I'd never used ganache before, though I'd heard people talk about how wonderful it is. On my favorite cake forum,, I'd read posts where people said that they now use ganache under all of their fondant cakes instead of buttercream because it is so much easier to work with. Trying something new I'd never even tasted, though, was a bit scary, until I looked at a recipe, look how simple it is!

Chocolate ganache
3 lbs finely chopped, semi-sweet chocolate
3-1/2 C heavy whipping cream

Slowly bring the whipping cream to a boil, then pour into a bowl containing your chocolate and stir until smooth. The cake needs to chill for a couple of hours after you put the ganache on it so it can set up nice and hard before you start putting on fondant. A warm spatula will help smooth out the rough edges. If you like a thicker ganache, use more chocolate, if you like yours thinner, use less. This makes enough for 2-8" round double-layer cakes, but it keeps for a couple of weeks in the fridge, so if you have another cake coming up, put it in an air-tight container and refrigerate. It will stay good on the counter in an air-tight container for 3 days.

I used semi-sweet chips, which worked beautifully on my chocolate cake but chips don't melt as well as finely chopped blocks of chocolate (because of size, not melt-ability), so be aware of that. I know my sister says she uses blocks of chocolate and usually uses at least half unsweetened. The beauty of this recipe is that you could use just about any flavor of chips you'd like, or use white chocolate and candy flavoring to complement the cake flavor.

When I used this ganache for the first time, I actually torted both of my 8" circles, so there was ganache between each 1" layer of cake--which is a lot, so you could easily skip the torting all together. Also, I had frozen my cakes before putting the ganache on them, which helped the ganache to solidify much quicker so I could layer a little extra where the sides weren't exactly straight. You'll want to get the surface as perfect as possible before refrigerating because fondant shows every little bump beneath the surface, and only so much fixing can be done with the warm spatula later.

Have fun!

Saturday, May 15, 2010

Peanut Butter Bar Recipe

I know this isn't actually cake, but since my husband doesn't care much for cake (I know, strange man, but I love him anyway), he asked me to make him peanut butter bars for his birthday instead. Though we went to different schools, we both remember these tasty treats from school lunches, so I was happy to oblige!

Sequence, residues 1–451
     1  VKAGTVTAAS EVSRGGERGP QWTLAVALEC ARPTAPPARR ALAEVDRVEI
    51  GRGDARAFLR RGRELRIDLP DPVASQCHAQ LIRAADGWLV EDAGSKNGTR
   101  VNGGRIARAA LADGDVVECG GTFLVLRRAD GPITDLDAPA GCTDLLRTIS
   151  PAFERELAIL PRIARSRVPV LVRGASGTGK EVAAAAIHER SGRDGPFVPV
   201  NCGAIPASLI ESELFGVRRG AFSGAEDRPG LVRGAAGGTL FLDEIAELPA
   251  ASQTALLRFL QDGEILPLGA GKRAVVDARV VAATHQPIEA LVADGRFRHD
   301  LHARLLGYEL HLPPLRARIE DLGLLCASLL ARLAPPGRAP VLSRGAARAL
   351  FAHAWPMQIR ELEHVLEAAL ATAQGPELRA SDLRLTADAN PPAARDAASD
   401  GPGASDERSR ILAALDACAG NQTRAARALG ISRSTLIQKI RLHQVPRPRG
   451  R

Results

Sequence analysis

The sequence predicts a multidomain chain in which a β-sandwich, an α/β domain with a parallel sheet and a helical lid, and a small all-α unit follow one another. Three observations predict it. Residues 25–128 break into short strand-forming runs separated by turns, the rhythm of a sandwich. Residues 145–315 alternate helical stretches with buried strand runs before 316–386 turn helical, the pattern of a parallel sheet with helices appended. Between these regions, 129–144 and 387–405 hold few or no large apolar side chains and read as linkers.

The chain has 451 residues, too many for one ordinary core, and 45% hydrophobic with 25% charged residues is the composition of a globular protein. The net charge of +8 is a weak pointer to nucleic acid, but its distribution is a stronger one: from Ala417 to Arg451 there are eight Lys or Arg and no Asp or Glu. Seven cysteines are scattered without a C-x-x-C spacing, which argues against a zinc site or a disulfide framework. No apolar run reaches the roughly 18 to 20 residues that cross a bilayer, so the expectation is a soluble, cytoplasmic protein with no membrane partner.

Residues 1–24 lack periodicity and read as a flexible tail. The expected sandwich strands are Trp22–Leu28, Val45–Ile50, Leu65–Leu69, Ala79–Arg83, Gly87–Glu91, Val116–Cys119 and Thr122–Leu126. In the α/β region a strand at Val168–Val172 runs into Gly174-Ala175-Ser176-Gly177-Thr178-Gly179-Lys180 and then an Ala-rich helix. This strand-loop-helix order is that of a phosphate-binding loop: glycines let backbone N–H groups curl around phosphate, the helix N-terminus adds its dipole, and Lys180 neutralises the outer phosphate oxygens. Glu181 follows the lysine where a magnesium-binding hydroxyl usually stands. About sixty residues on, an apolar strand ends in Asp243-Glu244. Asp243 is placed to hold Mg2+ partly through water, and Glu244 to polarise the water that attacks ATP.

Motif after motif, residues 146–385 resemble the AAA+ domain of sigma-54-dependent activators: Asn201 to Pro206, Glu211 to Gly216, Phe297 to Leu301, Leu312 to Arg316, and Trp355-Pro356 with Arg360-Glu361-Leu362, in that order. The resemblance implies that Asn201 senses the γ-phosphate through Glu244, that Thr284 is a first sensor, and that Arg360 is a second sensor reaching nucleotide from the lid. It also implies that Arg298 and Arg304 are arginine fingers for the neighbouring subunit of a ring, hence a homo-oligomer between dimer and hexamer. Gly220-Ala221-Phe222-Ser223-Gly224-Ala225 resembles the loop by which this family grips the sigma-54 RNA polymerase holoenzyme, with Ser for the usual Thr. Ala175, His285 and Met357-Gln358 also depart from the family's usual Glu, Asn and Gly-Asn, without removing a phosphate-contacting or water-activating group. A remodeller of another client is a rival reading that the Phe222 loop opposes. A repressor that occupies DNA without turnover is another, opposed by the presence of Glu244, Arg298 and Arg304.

Peanut Butter Bars
1 C butter
1 C sugar
1 C brown sugar
2 Eggs
1/2 t vanilla
1 C peanut butter
1 t baking soda
1 t salt
1 1/2 C Flour
1 1/2 C oats

Mix together. Put on cookie sheet. Bake at 375 for 10 to 15 minutes, until it just starts to brown. Cool. Spread with a thin layer of peanut butter. Spread chocolate frosting on top.

This makes a 12" x 18" pan.

Wednesday, May 12, 2010

How to Make Marshmallow Fondant

When I talk about decorating cakes with fondant, the most common complaint I hear is that it doesn't taste very good, but marshmallow fondant is a whole other issue. This is a very simple recipe and takes only basic ingredients ANYONE can get at their local grocery store--no matter how small the town is that you live in. It has four ingredients:
1-10.5 oz bag of marshmallows (mini is easiest because they melt faster, but you can use large if that's all you have),
2 lbs of powdered sugar,
1 Tbsp of water
1 tsp vanilla (clear is best if you have it unless you're going to color the fondant dark)

I've tried greasing the bowl with a bit of shortening, but that only seems to help for a few minutes, so I've stopped doing it. Make sure you use a microwave-safe bowl, big enough to mix in--a couple of quarts is minimum in my book. You can also do this on a stove top, if you don't have anything microwave safe, but it's easiest in the microwave.

Dump the bag of marshmallows in the bowl and microwave on high for 1 minute. Stir the marshmallows with a large spoon. Microwave an additional twenty seconds at a time if you need to until everything is melted. Add the vanilla and water and give it a little stir so it's somewhat incorporated, then add a few cups of the powdered sugar. This is not rocket science--my sister adds all of the two lbs except a cup or so. I prefer mine a little less stiff, so I use less sugar. The important thing is to get it to a consistency that you can work with--not quite as stiff as playdough. You may want to sift your powdered sugar before you add it since it can have little clumps in it right out of the bag, which you then have to knead smooth or pick out.